4.1 Pre-test / Post-test Examination of Ethnicity Effects on Perceived Accountability

The main effect of ethnicity on perceived accountability was significant at p = .092 as shown in Table 5, indicating a notable overall difference in perceived

accountability concerns at T1 that should be assessed by examining the means in Table 4. H1 is assessed by comparing the T1 means between ethnic groups. The T1 mean of

Hispanics (4.692) is greater than the T1 mean for Anglos (4.245) and falls outside of the 95% confidence interval (3.939-4.552) for Anglos. Although the difference between the

means of the two ethnic group is significant, the difference is not in the direction hypothesized, thus, H1 is not supported.
H2a, H2b, and H2c are assessed by comparing the T1 and T2 means as indicated by each of the hypotheses. The effect of time on perceived accountability is not significant

(Table 3), thus H2a and H2b are not supported. H2c is assessed by comparing the T2 means of Anglos and Hispanics as shown in Table 4. The T2 mean of Hispanics (4.654) is

greater than the T2 mean for Anglos (4.332) but falls within the 95% confidence interval (3.960-4.704) for Anglos. Thus, Anglos and Hispanics are not significantly different

at T2 and H2c is not supported.
In summary for H1and H2, although there were significant differences in perceived accountability concerns between Anglos and Hispanics at T1, the groups were not

statistically different following the treatment. Neither group was significantly different from their T1 mean at T2. These effects are visually depicted in Figure 2, which

shows relatively flat lines for each ethnic group from T1 to T2, a significant gap between Anglos and Hispanics at T1, and a smaller, statistically insignificant gap between

the groups at T2.

Table 3: Pre-test / Post-test Differences in Perceived Accountability Concerns
Effect
Value
F
Hypothesis df
Error df
Sig.
TIME
Pillai’s Trace
.004
.194a
1.000
46.000
.662

Wilks’ Lambda
.996
.194a
1.000
46.000
.662

Hotelling’s Trace
.004
.194a
1.000
46.000
.662

Roy’s Largest Root
.

004
.194a
1.000
46.000
.662
TIME * ETHNICITY
Pillai’s Trace
.028
1.317a
1.000
46.000
.257

Wilks’ Lambda
.972
1.317a
1.000
46.000
.257

Hotelling’s Trace
.029
1.317a
1.000
46.000
.257

Roy’s Largest

Root
.029
1.317a
1.000
46.000
.257
a. Exact statistic

b. Computed using alpha = .05

c. Design: Intercept + ETH1
Within Subjects Design: TIME

Table 4: Pre-test / Post-test Perceived Accountability Means
ETHNICITY * TIME
Measure: Perceived Accountability
ETHNICITY

TIME
Mean
Std. Error
95% Confidence Interval

Lower Bound
Upper Bound
Anglo

1
4.245
.152
3.939
4.552

2
4.332
.185
3.960
4.704
Hispanic
1
4

.692
.140
4.410
4.974

2
4.654
.170
4.312
4.996Table 5: Pre-test / Post-test Between Subjects Perceived Accountability Effects
Measure: Perceived Accountability
Transformed Variable: Average
Source
Type III Sum of Squares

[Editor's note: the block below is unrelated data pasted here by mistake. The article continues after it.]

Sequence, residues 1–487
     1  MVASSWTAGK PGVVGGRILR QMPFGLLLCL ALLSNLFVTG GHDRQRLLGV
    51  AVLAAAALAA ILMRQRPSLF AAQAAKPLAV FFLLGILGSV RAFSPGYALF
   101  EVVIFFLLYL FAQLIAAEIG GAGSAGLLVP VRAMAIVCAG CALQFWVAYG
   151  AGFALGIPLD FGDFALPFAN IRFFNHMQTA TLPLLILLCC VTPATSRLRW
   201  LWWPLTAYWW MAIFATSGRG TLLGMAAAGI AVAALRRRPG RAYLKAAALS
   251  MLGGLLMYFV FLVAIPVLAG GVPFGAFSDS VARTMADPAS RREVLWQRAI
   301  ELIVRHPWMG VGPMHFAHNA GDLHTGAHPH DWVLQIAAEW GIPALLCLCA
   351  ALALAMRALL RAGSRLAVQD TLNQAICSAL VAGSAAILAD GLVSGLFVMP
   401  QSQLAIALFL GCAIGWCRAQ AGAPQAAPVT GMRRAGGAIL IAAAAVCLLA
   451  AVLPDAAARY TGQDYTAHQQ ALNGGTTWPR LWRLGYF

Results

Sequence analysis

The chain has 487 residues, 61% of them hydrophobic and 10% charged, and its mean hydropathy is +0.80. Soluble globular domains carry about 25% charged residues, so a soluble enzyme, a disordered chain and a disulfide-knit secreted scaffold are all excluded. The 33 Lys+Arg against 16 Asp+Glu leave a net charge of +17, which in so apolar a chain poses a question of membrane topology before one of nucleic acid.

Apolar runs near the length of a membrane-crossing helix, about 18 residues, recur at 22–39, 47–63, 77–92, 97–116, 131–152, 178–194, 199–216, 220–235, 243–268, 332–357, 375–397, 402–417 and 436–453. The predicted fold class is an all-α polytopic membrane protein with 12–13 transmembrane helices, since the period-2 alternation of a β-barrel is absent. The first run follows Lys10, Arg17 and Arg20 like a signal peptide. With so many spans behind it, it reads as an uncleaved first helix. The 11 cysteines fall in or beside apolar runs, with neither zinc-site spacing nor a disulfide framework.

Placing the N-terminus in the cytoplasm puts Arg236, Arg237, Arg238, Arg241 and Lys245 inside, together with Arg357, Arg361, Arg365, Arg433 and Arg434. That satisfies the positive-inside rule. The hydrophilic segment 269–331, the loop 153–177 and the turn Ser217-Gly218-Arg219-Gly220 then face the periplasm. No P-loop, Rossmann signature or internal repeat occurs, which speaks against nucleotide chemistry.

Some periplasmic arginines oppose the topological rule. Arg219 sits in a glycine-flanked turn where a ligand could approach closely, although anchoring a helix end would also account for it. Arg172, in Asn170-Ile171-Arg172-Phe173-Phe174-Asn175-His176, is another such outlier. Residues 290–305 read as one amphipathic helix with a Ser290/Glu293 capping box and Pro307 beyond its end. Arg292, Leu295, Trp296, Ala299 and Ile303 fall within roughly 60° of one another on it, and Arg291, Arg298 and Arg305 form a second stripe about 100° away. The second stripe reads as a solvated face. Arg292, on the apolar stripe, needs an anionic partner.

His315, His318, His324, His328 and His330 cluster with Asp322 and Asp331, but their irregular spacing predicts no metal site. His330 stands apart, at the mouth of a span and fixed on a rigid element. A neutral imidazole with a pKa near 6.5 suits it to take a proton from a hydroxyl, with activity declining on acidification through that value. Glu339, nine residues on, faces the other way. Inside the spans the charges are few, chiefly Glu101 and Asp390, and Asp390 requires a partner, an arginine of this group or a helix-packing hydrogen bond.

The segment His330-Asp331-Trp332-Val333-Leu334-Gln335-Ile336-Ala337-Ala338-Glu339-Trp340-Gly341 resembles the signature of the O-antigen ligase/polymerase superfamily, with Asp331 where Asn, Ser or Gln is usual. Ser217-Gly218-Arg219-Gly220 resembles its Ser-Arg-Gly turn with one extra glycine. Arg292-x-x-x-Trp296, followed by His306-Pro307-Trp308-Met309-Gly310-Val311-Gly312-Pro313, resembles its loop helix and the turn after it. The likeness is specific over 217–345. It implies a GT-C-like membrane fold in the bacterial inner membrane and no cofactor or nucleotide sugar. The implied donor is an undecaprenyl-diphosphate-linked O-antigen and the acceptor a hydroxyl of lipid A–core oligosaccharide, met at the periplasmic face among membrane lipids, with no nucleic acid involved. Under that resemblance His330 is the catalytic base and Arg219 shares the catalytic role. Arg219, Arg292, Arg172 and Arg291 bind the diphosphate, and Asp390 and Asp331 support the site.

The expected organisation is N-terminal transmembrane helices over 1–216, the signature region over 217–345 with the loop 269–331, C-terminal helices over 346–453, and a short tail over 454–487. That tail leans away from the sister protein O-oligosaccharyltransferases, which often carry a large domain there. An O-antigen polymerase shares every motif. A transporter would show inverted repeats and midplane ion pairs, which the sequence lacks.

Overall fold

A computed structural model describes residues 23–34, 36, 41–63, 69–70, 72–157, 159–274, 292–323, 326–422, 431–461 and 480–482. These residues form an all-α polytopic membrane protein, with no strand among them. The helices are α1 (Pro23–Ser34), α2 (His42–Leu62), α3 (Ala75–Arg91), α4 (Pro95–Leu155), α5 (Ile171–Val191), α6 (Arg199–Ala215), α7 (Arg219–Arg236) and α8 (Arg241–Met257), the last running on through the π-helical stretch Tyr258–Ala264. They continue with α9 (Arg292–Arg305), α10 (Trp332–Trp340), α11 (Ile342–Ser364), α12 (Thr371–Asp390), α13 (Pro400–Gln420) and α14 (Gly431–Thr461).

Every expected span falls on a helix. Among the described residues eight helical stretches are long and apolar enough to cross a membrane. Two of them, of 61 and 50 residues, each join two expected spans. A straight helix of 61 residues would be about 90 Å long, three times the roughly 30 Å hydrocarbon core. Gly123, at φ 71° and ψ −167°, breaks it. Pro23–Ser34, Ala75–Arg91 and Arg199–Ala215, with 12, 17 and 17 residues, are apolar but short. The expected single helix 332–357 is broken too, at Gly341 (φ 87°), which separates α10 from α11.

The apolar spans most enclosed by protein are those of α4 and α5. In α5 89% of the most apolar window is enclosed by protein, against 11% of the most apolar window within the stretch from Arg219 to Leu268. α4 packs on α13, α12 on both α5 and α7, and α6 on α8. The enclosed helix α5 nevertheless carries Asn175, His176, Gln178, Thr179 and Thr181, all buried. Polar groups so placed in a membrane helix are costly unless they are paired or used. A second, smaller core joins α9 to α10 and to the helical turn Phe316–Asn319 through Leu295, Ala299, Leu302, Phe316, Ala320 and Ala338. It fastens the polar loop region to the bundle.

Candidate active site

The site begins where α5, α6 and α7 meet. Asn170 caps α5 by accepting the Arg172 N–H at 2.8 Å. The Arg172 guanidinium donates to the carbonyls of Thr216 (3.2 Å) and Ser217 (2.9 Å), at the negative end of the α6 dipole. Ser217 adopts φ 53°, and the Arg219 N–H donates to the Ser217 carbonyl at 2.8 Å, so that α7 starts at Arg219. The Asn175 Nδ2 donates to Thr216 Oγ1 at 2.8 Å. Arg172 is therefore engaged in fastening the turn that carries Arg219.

df
Mean Square
F
Sig.
Noncent. Parameter
Observed Powera
Intercept
957.055
1
957.055
1606.687
.000
1606.687
1.000
ETH1
1.761
1
1.761

2.957
.092
2.957
.391
Error
27.401
46
.596

a. Computed using alpha = .05
Figure 2: Perceived Accountability Means Plot
4.2 Pre-test / Post-test Examination of Ethnicity Effects on Perceived Vulnerability
The main effect of ethnicity on perceived vulnerability was not significant (p = .282) as shown in Table 8, indicating statistically negligible overall differences in the

perceived vulnerability concerns of Anglos and Hispanics at T1. Thus, H3 is not supported.
H4a and H4b are assessed by comparing the T1 and T2 means for each ethnic group. The main effect of time is significant in Table 6 (p = .009), thus an examination of the

means is necessary to evaluate the specific hypotheses. H4a is assessed by comparing the T1 and T2 means of Hispanics. The T2 mean (4.096) falls within the 95% confidence

interval for the T1 mean (3.811-4.419) therefore H4a is not supported. H4b is assessed by comparing the T1 and T2 means of Anglos. The T2 mean (3.500) falls outside the 95%

confidence interval for the T1 mean (3.897-4.558) therefore H4b is supported, indicating that the treatment significantly reduced the perceived vulnerability concerns of

Anglos. H4c is assessed by comparing the T2 means for Hispanics and Anglos. The T2 mean for Hispanics (4.096) is greater than the T2 mean for Anglos (3.500), and falls outside

the T2 95% confidence interval for Anglos (3.063-3.937). Thus, although the two ethnic groups are significantly different at T2, the difference is not in the direction

hypothesized and H4c is not supported. Hispanics have higher perceived vulnerability concerns than Anglos after using the system.
Although not hypothesized, the main effect of time and ethnicity indicates a significant interaction effect (p = .013) in Table 6. Thus the treatment affects the ethnic

groups differently.
In summary for H3 and H4, Anglos and Hispanics were not significantly different in perceived vulnerability concerns at T1. Although the main effect of ethnicity was not

significant, this finding was likely confounded by an interaction between the treatment and ethnicity. A thorough investigation of the means revealed important insights into

the constructs of interest. The treatment substantially reduced the perceived vulnerability concerns of Anglos while the perceived vulnerability concerns of Hispanics remained

relatively stable. Thus, at T2, the level of vulnerability concerns for Anglos diminished and became significantly less than those of Hispanics.

Table 6: Pre-test / Post-test Differences in Perceived Vulnerability Concerns
Effect
Value
F
Hypothesis df
Error df
Sig.
TIME
Pillai’s Trace
.138
7.365a
1.000
46.000
.009

Wilks’ Lambda
.862
7.365a
1.000
46.000
.009

Hotelling’s Trace
.160
7.365a
1.000
46.000
.009

Roy’s Largest

Root
.160
7.365a
1.000
46.000
.009
TIME * ETHNICITY
Pillai’s Trace
.126
6.625a